Sunday, July 2, 2017

Croombe revisited - the walled garden

A couple of weeks ago when we visited Croombe, the walled garden was not open. Marianne wanted to see it as well as go on the tour of the Red Wing which is the house for servants adjoining the main building.

There is a separate fee of five pounds to enter the garden which is privately owned.

Entry times and days.

The entry gate.

I did not know what to expect but this expanse was unexpected. Most English walled gardens are chock-a-block with plants even in late June. This seemed almost empty.

However closer inspection revealed that there were still plenty of plants as well as a few bee-hives.

Remains of a well. Remember much of the garden was originally designed before Capability Brown came along. The garden fell into dis-repair and the restoration only started in 2000 when the current owners arrived. The garden opened to the public in 2014.

If you click on the photo you can see how the wall was gradually repaired and re-planted.

Lots of different varieties of tomatoes, each with its own row. We wondered what happened to all of the fruit and vegetables that would be harvested.


These raspberries seemed to be past their prime.

We were intrigued by these crinkly hoses. Perhaps they don't kink as much.

The largest glasshouse was being restored for possible use as a tea-room or shop.

The former gardeners cottage which is now the house of the people who bought the garden. You can see what it looked like when they bought it here.

One of the smaller glass-houses.

Old path behind the glass-houses. When the restoration process began, the brick paths were covered with debris and great care had to be taken to get the path to this restored state. 


This reminds me of fireworks.

Click on the photo to see how the glass-houses were restored.

More restoration photos.

The dipping pond. This was a Capability Brown addition.

Algae (pond scum) on top of the water.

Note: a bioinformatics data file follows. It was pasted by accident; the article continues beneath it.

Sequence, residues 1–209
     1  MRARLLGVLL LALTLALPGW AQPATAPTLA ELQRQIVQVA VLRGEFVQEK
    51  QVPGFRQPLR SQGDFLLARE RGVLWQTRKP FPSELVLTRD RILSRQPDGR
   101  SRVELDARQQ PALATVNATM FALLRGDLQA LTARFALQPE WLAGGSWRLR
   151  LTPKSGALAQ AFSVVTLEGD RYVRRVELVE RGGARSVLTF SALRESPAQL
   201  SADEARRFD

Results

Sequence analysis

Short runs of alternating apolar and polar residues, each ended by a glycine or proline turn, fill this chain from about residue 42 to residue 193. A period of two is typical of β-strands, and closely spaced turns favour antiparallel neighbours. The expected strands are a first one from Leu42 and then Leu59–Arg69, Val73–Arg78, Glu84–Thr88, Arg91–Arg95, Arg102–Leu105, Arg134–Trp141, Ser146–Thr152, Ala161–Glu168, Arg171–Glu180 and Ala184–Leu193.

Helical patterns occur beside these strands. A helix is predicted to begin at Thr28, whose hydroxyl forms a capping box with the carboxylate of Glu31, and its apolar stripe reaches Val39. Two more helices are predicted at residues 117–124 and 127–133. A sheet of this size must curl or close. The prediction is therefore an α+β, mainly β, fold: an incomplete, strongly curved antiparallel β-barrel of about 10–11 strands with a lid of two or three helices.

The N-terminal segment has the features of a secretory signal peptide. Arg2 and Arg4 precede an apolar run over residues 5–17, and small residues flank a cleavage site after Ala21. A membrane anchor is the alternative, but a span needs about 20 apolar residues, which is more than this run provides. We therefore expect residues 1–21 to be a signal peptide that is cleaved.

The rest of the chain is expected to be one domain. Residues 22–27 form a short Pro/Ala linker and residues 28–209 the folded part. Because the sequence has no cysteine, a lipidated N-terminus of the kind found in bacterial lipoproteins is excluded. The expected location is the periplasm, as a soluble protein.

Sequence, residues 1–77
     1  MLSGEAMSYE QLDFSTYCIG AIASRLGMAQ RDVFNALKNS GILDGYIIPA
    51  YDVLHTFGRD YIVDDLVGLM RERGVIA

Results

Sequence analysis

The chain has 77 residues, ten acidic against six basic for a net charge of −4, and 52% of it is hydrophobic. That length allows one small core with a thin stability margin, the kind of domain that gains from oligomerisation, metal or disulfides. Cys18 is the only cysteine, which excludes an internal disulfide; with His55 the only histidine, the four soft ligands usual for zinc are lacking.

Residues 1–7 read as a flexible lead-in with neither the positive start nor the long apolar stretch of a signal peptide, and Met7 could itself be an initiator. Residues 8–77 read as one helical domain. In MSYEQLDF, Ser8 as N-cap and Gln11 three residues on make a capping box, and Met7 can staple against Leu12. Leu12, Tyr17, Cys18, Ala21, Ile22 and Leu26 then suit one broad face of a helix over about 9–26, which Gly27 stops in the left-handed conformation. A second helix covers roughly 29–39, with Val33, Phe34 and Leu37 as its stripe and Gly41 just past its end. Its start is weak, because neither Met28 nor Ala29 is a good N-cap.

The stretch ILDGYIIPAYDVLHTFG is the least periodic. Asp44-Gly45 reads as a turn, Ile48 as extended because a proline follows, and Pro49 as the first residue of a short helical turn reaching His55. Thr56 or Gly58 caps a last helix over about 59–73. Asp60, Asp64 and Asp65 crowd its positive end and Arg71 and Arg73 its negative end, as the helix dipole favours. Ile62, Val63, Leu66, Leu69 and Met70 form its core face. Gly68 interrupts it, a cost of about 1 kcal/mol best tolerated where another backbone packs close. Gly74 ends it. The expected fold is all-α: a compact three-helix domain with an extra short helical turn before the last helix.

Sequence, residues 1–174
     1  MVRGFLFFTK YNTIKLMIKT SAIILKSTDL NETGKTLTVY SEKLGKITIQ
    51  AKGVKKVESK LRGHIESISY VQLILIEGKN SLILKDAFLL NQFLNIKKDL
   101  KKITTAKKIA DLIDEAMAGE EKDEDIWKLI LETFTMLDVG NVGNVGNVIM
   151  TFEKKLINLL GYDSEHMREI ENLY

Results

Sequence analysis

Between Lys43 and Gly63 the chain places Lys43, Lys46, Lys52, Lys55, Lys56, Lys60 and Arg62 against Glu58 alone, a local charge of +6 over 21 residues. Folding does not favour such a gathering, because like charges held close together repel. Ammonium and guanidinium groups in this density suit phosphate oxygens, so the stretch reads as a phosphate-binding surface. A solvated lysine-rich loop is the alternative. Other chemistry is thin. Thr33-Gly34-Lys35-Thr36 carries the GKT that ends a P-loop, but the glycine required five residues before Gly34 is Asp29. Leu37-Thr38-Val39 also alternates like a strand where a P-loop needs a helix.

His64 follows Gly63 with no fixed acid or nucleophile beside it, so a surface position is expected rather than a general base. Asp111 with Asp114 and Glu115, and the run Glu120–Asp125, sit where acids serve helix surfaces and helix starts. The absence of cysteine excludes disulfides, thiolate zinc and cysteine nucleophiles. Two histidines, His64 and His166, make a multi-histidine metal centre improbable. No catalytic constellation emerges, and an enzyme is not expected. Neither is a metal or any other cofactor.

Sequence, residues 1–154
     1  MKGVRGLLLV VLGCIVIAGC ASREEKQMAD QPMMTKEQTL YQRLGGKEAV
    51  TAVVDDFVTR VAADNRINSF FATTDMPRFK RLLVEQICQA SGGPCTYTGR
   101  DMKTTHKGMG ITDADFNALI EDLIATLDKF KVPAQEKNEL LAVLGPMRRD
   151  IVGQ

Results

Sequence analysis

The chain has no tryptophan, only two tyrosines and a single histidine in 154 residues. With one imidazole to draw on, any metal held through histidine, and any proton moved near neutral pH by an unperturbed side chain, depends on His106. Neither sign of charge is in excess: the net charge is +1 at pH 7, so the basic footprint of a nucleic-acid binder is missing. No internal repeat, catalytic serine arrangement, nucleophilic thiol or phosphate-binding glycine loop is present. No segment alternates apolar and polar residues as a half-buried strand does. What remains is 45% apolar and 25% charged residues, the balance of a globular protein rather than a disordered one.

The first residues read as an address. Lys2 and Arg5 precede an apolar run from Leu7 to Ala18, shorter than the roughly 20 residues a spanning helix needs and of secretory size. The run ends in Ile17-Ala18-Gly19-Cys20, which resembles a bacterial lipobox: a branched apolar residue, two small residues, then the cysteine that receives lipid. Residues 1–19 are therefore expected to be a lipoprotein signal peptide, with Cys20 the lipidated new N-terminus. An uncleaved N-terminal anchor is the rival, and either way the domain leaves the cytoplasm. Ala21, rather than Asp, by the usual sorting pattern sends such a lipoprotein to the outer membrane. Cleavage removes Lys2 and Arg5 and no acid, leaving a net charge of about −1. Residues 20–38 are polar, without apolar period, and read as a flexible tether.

Photos of the restoration of the pond. Below are some closeups of the photos in the above picture.

Looking up the hill with another well in the foreground.

There were plans to turn this building into a toilet block until they discovered what was called the Vinery where they grew grapes.


Click on the picture to read the story.

A gate leading to another part of the walled garden which was just an expanse of grass at this stage.

Arches under the back of the Vinery.

The brochures mentioned a tunnel you could walk through so we asked one of the volunteers who took us back to a green house where I donned a hard hat. I had noticed them when I had walked though the glass-house earlier and wondered why they were there.

I definitely needed the hard hat because the ceiling was quite low.

There was a network of tunnels that were used to hold pipes that took hot water to parts of the garden that needed to be heated in winter for the plants to survive.

Spiffy staircase leading up into the largest glasshouse.

Finally we sat down to enjoy a piece of free cake and a cup of tea before we headed over to the main house to join the tour of the Red Wing.

It would be very interesting to come back every year to check on progress and you have to admire the vision and work of the couple who are restoring this garden.

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